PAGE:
Global HE leaders warn of Brexit risk

1 Mar 16

Funding for research and the possibility for cross-border collaboration in research projects would be under threat if Britain was to leave the European Union, panellists at a Universities UK debate have warned.

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Speaking at an event in London yesterday, university leaders from Ireland, Switzerland, Egypt and the US discussed how Brexit could put funding for research, cross-border collaboration and even the UK’s status as a destination for academic talent and business investment at risk.

Phillipe Moreillon, vice rector of research and international relations at the University of Lausanne in Switzerland, explained the experience of the Swiss higher education system throughout its changing relationship with the EU.

Until September 2014, Switzerland was considered an “associate country” in the EU’s research programmes, at which time Moreillon said the country’s scientific community was “very successful” in terms of receiving more money back from the EU than it originally contributed and undertaking many collaborative projects.

After this arrangement concluded and Switzerland became only a partial associate, he said that the number of collaborative projects dropped by 95% in one year, and it became much more complicated for Switzerland to access those “very valuable” funding streams.

He noted that while the country’s national funding agency claimed they would keep the money not contributed to the EU and invest it directly into Swiss research projects, this did not happen in practice, especially when budget problems arose.

Attracta Halpin, registrar of the National University of Ireland, added that the possibility of a British exit from the EU is of great concern for the Irish academic community too.

The majority of Ireland’s EU research funding goes to projects involving a UK partner, casting doubt on how much Ireland would continue to receive in the event of a UK exit.

She observed that research is big and collaborative, so much so that “no single country” can take on “colossal projects”. With the EU and its funding providing the supporting framework for that collaboration, Britain may find itself isolated if it were to leave.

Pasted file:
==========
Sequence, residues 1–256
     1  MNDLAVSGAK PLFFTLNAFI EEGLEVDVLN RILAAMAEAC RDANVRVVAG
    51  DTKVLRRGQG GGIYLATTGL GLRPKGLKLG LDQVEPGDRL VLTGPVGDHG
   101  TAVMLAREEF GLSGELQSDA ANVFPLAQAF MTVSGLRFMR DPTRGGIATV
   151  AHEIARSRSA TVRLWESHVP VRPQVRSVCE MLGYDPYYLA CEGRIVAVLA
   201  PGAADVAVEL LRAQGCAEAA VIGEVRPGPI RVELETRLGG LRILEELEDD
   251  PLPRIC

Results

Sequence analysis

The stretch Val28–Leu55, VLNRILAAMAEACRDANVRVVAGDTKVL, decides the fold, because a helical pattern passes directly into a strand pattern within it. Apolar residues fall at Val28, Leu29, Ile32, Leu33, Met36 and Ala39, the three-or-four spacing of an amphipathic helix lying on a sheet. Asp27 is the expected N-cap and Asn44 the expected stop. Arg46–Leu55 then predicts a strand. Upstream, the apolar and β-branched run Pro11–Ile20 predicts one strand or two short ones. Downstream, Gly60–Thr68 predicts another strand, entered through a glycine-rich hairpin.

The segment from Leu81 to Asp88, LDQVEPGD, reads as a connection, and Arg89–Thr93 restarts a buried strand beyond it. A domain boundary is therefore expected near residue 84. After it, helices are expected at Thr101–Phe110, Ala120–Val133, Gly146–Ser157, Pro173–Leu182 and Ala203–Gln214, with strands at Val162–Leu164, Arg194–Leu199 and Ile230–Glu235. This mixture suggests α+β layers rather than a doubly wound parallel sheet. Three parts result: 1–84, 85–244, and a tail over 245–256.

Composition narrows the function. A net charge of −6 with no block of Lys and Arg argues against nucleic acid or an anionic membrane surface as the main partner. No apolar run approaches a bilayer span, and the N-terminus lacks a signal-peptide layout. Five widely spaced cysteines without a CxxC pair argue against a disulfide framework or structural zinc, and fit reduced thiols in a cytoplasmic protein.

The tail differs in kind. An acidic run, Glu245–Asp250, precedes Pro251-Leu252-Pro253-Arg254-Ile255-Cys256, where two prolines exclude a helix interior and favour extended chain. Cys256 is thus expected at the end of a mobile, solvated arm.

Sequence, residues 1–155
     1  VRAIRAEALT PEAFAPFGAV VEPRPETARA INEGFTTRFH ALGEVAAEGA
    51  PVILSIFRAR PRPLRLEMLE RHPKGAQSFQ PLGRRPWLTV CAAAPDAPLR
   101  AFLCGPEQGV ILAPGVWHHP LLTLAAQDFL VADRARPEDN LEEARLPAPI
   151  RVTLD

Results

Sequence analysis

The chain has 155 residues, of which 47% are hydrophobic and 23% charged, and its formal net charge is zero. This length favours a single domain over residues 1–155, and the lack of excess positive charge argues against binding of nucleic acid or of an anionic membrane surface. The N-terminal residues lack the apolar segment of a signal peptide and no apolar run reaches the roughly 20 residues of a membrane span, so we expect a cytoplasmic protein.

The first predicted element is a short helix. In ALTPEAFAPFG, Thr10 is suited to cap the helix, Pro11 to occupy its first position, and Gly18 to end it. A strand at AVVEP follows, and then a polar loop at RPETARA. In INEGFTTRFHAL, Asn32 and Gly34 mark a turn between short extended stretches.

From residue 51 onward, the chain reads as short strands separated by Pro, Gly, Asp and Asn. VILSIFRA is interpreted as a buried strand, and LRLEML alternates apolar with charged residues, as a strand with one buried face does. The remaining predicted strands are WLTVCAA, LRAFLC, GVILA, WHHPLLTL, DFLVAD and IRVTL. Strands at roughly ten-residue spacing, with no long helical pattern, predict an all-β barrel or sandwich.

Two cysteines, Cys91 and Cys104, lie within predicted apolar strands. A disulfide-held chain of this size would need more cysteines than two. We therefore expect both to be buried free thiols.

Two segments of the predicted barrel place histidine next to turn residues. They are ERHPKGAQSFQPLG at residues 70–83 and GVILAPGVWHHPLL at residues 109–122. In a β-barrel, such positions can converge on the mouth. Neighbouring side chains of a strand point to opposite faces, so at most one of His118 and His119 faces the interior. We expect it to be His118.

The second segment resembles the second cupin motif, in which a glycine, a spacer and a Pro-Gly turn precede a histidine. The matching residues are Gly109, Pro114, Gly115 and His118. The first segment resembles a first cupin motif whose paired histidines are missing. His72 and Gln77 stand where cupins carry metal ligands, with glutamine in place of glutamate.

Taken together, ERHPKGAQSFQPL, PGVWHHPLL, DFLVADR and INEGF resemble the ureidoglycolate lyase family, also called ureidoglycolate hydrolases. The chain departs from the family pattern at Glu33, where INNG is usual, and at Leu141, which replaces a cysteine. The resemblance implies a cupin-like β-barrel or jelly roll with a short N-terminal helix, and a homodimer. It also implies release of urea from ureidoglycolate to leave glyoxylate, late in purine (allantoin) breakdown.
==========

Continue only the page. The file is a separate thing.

If funding and opportunities for collaboration were to decrease, panellists agreed that this could lead to a decline in research or its quality in the UK.

Allan Goodman, president and chief executive of the Institute of International Education, gave a US perspective. He noted that a fall in research and development would harm Britain’s attractiveness to multinational companies as a place to invest.

Student mobility would also be affected if Britain was to pull out of the EU. Students from other member states would likely no longer have access to the UK’s student loans, lumbering them with significant tuition fee and living costs, which might mean Britain is no longer a feasible place for them to study.

Ashraf Hatem, secretary general of the Supreme Council of Universities in Egypt, said he believes the UK will remain a top destination for students from his country because of the English language, however this could change as other member states begin to offer courses in English at a much lower price.

Moreillon noted that Switzerland now had to pay a much higher price and use a much more complicated system of student exchange due to being unable to participate in the EU’s Erasmus programme.

Brexit could also have negative effects on the peer review process, the ability to take risks in research and the UK’s work in higher education in other countries, the panellists said.

For example, Hatem noted that the UK’s work in Egypt is much more effective when the EU, which has been much more generous in terms of funding for UK-led projects in the country, is able to easily partner.

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